[Thanks to everyone who sent this in]
[Thanks to everyone who sent this in]
A new exhibition on the art form known as videogames at the Smithsonian Institution is a big leap forward — for the museum.
from Wired Top Stories
After a brief(ish) hiatus, Historical Thursday is back! Spring has finally sprung in most places, so what better way to celebrate its and HTâ€™s return than by profiling a device intended to change the very weather above us: the cloud-seeding silver iodide rocket.
Ever get so tired of the rain that you wish you could just make the clouds dump it all out and get it over with? Youâ€™re not alone: in July of 1946, Vincent Schaefer, a machinist at General Electric, and Irving Langmuir, a Nobel Laureate, were climbing Mt. Washington in New Hampshire, when they happened upon the conversation topic of weather manipulation. Back at GEâ€™s research lab in Schenectady, New York, Schaefer attempted to test his theory that supercooled water could be converted to ice crystals by filling a small deep freezer chamber with dry ice. Upon breathing on the dry ice mist, the mist turned a rich blue color, and shortly after, the chamber began filling up with microscopic solid crystals.
Building upon Schaeferâ€™s discovery, Dr. Bernard Vonnegut (the older brother of author Kurt Vonnegut) explored ways of chemically converting supercooled water (water that has been cooled to temperatures lower than its typical freezing point of 32 degrees Fahrenheit) into a solid form.
Bernard Vonnegut with his trademark â€œsunnyâ€ disposition
Enter silver iodide, a nifty little inorganic compound with a penchant for turning liquids into solids via a process called heterogeneous nucleation. Nucleation occurs when a given group of ions, atoms, or molecules arrange in the pattern of a crystalline solid. What happens next is the equivalent of molecular peer pressure: a small group of particles acts as a center point for the solid structure formation, and surrounding liquids and gases tend to fall into a similar pattern around said source point. In a process called â€œcloud seeding,â€ silver iodide acts as the aforementioned center point. Nearby supercooled water molecules ironically see themselves as â€œless coolâ€ than silver iodide. So, in trying to conform to silver iodide, who is, like, so totally awesome, water molecules shun their liquid form for a trendier solid look. What results when a ton of small supercooled water particles coalesce together, you ask? Either a raindrop, or a snowflake, depending on the temperature.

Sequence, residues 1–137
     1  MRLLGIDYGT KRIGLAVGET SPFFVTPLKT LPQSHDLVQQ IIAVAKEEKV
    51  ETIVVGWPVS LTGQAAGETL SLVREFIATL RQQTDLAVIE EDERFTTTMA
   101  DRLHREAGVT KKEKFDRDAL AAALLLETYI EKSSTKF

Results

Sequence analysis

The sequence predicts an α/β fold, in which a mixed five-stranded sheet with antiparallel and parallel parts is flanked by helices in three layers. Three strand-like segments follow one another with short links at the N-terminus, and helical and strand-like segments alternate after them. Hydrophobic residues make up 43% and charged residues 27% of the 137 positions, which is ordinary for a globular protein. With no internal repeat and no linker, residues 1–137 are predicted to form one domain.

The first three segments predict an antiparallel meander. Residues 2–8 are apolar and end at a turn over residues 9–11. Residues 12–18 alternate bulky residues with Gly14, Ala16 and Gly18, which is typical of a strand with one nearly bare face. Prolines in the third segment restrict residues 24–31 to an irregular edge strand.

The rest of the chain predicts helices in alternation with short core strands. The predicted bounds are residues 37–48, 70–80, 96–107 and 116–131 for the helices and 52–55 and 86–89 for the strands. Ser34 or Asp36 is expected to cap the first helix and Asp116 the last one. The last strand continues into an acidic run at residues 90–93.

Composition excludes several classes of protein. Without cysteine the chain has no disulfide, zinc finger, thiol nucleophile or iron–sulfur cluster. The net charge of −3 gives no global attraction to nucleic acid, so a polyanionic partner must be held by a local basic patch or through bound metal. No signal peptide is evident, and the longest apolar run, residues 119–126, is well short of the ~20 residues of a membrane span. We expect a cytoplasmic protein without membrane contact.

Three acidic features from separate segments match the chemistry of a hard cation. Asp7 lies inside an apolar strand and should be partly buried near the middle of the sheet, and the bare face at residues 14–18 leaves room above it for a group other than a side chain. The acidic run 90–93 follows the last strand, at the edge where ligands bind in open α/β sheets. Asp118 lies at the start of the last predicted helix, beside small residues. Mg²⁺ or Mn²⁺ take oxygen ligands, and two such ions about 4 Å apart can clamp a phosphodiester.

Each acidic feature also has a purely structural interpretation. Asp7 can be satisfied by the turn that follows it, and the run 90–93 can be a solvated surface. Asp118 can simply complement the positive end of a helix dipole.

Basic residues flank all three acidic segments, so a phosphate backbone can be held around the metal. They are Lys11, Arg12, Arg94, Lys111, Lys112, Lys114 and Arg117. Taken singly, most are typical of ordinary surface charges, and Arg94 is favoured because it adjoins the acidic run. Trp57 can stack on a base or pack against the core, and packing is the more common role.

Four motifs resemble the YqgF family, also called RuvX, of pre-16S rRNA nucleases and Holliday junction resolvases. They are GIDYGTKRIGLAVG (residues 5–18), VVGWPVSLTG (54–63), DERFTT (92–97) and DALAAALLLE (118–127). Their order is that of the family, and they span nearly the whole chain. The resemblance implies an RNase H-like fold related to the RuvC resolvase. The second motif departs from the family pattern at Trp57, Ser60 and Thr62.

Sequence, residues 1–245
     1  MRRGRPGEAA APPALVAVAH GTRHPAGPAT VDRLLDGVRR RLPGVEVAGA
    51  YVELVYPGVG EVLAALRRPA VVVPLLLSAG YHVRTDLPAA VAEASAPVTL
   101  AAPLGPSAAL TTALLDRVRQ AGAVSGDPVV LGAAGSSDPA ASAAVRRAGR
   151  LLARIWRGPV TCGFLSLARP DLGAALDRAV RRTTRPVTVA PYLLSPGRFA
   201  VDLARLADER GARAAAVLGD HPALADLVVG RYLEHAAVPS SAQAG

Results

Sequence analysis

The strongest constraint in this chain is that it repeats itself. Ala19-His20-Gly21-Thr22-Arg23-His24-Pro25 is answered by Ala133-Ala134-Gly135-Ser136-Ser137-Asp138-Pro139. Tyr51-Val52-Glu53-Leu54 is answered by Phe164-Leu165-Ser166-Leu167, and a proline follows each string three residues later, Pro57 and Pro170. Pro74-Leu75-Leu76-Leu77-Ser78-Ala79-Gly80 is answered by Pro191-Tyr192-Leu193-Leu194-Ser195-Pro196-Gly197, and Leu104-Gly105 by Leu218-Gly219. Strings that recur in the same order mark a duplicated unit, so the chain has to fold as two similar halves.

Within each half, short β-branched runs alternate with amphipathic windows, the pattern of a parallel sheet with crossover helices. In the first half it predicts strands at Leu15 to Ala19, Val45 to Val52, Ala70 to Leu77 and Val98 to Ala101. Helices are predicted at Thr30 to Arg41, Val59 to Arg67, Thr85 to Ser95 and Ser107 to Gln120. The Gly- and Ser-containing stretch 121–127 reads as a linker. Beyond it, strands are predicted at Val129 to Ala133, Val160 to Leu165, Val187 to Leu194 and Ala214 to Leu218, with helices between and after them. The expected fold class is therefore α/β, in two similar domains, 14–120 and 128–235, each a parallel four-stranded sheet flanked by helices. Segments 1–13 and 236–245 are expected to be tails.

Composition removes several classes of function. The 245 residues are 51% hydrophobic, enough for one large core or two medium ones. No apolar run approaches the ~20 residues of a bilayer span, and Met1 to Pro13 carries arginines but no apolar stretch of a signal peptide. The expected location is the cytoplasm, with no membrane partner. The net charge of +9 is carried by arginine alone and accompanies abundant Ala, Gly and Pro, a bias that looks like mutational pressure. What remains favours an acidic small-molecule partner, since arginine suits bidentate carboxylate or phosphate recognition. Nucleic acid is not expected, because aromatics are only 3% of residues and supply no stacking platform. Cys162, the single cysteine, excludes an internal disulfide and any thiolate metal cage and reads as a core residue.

One can imagine this occurring on a rather large scale: a cloud stuffed to the gills with moisture suddenly receiving an overdose of cloud laxative is a surefire way to create a rainstorm when and where you want to.
In the coming decades, numerous institutions would capitalize on the usefulness of Schaeferâ€™s and Vonnegutâ€™s research. One such institution was the United States military. In March 1967, the United States Air Force began Operation Popeye during the Vietnam War. Planes bombarded the stratosphere above North Vietnam with silver iodide rockets with the intention of flooding the strategically significant Ho Chi Minh trail and extending the monsoon season. The results were staggering: monsoon seasons from 1967 to 1972 in North Vietnam lasted longer by an average of nearly a month.
Cloud seeding has also been used for far more humanitarian purposes, however. In 1986, Soviet airplanes induced rainfall in weather systems carrying toxic radiation from the Chernobyl disaster toward Moscow. In 2003 and 2004, the appropriately named Weather Modification Inc. conducted cloud seeding operations over drought-affected areas of the Indian state of Maharashtra. Perhaps the most widely publicized occurrence of cloud seeding occurred in 2008, when the Chinese government used silver iodide rockets to release rain outside of Beijing to make for more favorable weather conditions for the Olympics.
Whether itâ€™s being used to combat drought or to waterlog tactical landmarks in warfare, cloud seeding has seen varying uses across the board since its introduction 65 years ago. With a bit of ingenuity, effort, and monetary support, such a technology could be used to dramatically change the climate of communities in need of a good downpour. God knows weâ€™ve got enough of it here in Seattleâ€¦
That wraps up the return of Historical Thursday, kludgers and kludgettes! As always, if YOU have anÂ idea for Historical Thursday, drop me a line at email@example.com!
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